January 12, 2001
THE MODERATOR: Questions for Amelie, please.
Q. How long has this back problem been bothering you?
AMELIE MAURESMO: Well, of course I felt it yesterday during the match in the second set, in that second set. I had this problem last year, but I thought it was over. I was not bothered with this anymore, and it just came back yesterday.
Q. Do we know what the problem is? With the fifth and sixth lumbar, down the lower part of the spine, or was it higher up?
AMELIE MAURESMO: Yeah, it's low down on the right side. I guess it's always the same thing, just, you know, two bones touching each other. That's the only thing I can tell you.
Q. Where does this leave you in terms of the Australian Open?
AMELIE MAURESMO: Well, I'm just -- I don't know really. I really hope that with two or three days' rest, treatment, massage, everything, it's going to be okay. That's my hope, but I'm not sure about it.
Q. Have you seen a doctor?
AMELIE MAURESMO: Yeah. Dr. Ackerman. That's what he proposed me.
Q. Is he reasonably optimistic?
AMELIE MAURESMO: It's very hard to say. You just don't know.
Q. How much of an obvious blow is this to you at this stage? How much of a disappointment?
AMELIE MAURESMO: It's very frustrating actually, because what is tough is that it's only on the serve, you know. So I can play my game, I can -- I feel good. So, yeah, it's frustrating. But in the same -- I mean, I cannot go on the court not knowing how I'm going to serve, if I'm going to be able to serve 100 percent or not. So I just choose not to go on court.
Q. Presumably, there was always the risk if you went on court today you could do more damage.
AMELIE MAURESMO: That's it. Yeah, that's the concern.
Q. We know you've had this problem for some time. How bad is it this time around compared to when you were forced off the Tour for four months?
AMELIE MAURESMO: I think it's not as bad as it was the last two times. I'm optimistic for the Australian Open. I really hope just these two or three days are going to be enough for me to relax and let the pain go. But it's not easy. I just don't really know, so that's tough.
Q. Do you think the injury was caused by your serve, or do you think it's caused by the way you hit that big topspin backhand?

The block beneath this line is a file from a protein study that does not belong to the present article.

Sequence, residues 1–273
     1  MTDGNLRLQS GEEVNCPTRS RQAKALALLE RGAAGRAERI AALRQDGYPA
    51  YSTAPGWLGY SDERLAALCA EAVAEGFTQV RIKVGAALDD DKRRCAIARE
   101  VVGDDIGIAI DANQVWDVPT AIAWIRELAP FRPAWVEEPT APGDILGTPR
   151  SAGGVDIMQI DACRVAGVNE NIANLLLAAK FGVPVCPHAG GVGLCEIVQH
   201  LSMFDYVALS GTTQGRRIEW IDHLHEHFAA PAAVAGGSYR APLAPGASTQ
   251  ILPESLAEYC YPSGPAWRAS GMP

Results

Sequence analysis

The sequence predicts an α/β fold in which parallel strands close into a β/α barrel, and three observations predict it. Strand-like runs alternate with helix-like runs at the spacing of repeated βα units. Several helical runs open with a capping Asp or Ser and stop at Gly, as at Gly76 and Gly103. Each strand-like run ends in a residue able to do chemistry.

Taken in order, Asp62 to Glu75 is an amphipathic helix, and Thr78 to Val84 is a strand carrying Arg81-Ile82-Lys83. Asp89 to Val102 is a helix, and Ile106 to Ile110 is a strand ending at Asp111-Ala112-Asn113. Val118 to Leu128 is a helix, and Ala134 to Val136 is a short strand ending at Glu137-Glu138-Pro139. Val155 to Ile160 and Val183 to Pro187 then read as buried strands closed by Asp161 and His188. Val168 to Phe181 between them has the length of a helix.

AMELIE MAURESMO: Oh, it's the serve for sure. I mean, it doesn't hurt me on the backhand or the forehand. It just -- I feel the pain only on the serve. So that's the motion. I mean, that's where the bones on this motion are touching each other.
Q. Which part of the serving action?
AMELIE MAURESMO: Which part?
Q. Which part of the serving action causes the trouble?
AMELIE MAURESMO: It's when I'm ready to hit, and I start to accelerate.
AMELIE MAURESMO: To release, yeah.
Q. Is it just that the back muscle is spasming, and is it also the pain going down through the back?
AMELIE MAURESMO: No, no. No, it's just the back and it's inflammation between the two bones.
Q. Had you ever considered changing your service action? If not, might you have to do so now?
AMELIE MAURESMO: Well, now that the inflammation is here, I don't -- you know, I've tried a little bit to make it a little bit better, you know, try to avoid the situation when it hurts me. But first, it's very tough to change. And, second, the inflammation is here now, so I just have to put some muscle on that site to keep the bones away from each other. That's the only thing.
Q. Without being too pessimistic, is there a danger that if you don't change the motion, it will come back?
AMELIE MAURESMO: Apparently, yeah. Because I thought it was over, you know. But it comes back sometimes. I think it's also with the tension maybe of the match and everything. So...
Q. Are you taking antiinflammatory pills and also having ultrasonic treatment? Is that the remedy?
AMELIE MAURESMO: Yeah.
Q. Both those?
AMELIE MAURESMO: Yes.
Q. There was a big debate last year about the number of injuries in tennis. A lot of players are getting injured, and it was suggested that the court surfaces are too hard on the players. Is that --?
AMELIE MAURESMO: It's not hard. It's just really - how can you say - translate.
AMELIE MAURESMO: Rough, yeah. I mean, most of the time you get - in Australia, you have some players that get ankles twisted and, you know, when you stop, it's very hard, yeah. So I guess that's what people mean by hard.
Q. So you can't slide, you just --?
AMELIE MAURESMO: Yeah. You just -- very tough to stop, you know.
Q. It's a jarring effect?
AMELIE MAURESMO: Yeah. It's hard for the body I think. Yeah.
Q. I think the shoes have got something to do with that. The ripple effect on the bottom of the shoes sort of drag on to the surface rather than allowing you to slide.
AMELIE MAURESMO: Yeah, new shoes probably, yeah.
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